I remember craving alot of fruit while on strict bedrest on the hospital ward, and so Jon, having clearly learnt not to mess with a pregnant lady and her cravings, brought me various punnets on his daily visits.
The first day he brought in some flat peaches. I’d never seen flat peaches before, but they were amazing. I saw some in the market earlier this week, and it reminded me of where we were this time last year. Kettering General Hospital.
It was a year ago that we went into labour at 28 weeks. It was one of the scariest times I can remember, but thanks to our amazing NHS staff, we have an amazing, cheeky, mischievous little one on our hands today.
I remember having what I thought was just a bit of tummy ache at work. It was a Wednesday. I’d been swimming in the morning as normal, walked to work as normal, and taught my class as normal. Things got progressively worse at home and Jon convinced me to call the unit for advice. I gave in and called.
The next 48 hours seemed to be a blur of heading into the Assessment Unit at Leicester Royal, unable to sit, stand, lie down, do anything comfortably. The next thing we know I’m told my ‘tummy ache’ is contractions, I’m 1cm dilated, the swab tested positive for labour and I’m being injected with steroids.
It was 2am, the drips were up, and paramedics were on their way to the unit as there were no NICU cost at LRI, so we were being transferred by ambulance to Kettering General. I didn’t even know where Kettering was. I asked about the drip. She said it was an attempt to stop me delivering in the ambulance.
That was probably the worst ambulance journey I could imagine. The paramedics and the accompanying midwife were amazing, but being strapped down on your back with no head rest when you’re contracting, and travelling backwards at high speed down the motorway, tired, wanting to be very sick and roll onto my side, but that was impossible – the pain was indescribable. I can’t imagine how Jon was feeling, in the car behind the ambulance on the way down, no idea what was happening, pitch dark, 3am. They put on the blue lights to get us there.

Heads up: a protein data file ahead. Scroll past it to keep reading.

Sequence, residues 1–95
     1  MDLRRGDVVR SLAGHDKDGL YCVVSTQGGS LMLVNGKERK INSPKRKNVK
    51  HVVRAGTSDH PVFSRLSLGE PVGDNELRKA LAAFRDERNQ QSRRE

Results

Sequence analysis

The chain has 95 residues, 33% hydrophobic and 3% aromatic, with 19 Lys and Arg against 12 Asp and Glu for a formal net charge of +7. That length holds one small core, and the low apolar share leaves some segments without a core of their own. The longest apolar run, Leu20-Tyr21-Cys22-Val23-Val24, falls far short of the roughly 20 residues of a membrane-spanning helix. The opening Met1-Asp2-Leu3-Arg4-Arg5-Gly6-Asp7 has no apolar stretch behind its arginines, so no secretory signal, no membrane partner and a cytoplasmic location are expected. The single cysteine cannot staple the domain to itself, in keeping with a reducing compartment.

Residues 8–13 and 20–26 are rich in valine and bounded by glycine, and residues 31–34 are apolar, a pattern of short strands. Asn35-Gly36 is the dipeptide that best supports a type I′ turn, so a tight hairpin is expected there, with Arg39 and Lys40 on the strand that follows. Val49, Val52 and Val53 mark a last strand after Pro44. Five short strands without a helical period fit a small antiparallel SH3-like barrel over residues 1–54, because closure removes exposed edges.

The Kettering staff injected pethidine and another drip, more steroids, the horse-racing baby heartbeat monitor pulsing away. All the while we were introduced to an array of NICU consultants and specialists, explaining what was going to happen to the baby when she arrived and what to expect. I don’t remember a word of what they said – it was just a blur. 12 hours earlier I’d been happily teaching my class at work, now I was strapped to a hospital bed with drips, steroids, and a whole team of staff telling me my baby was on her way. I was an emotional, drained, exhausted wreck, in a pain that’s impossible to describe. I just kept thinking, ‘it’s too early, she’s too small’.
We were on the labour ward for 48 hours, and miraculously the contractions slowed and eventually stopped. We were transferred to the maternity ward and for 3 days we stayed at the hospital. We met a foetal medicine specialist. A scan revealed she was measuring 6 weeks behind in size, and all her bones were shorter than they should be. We were told of the complications if she were to be delivered now, especially at this size.
Thankfully the hospital bag was already packed, though the 0-3month baby clothes were clearly an overestimate on my part!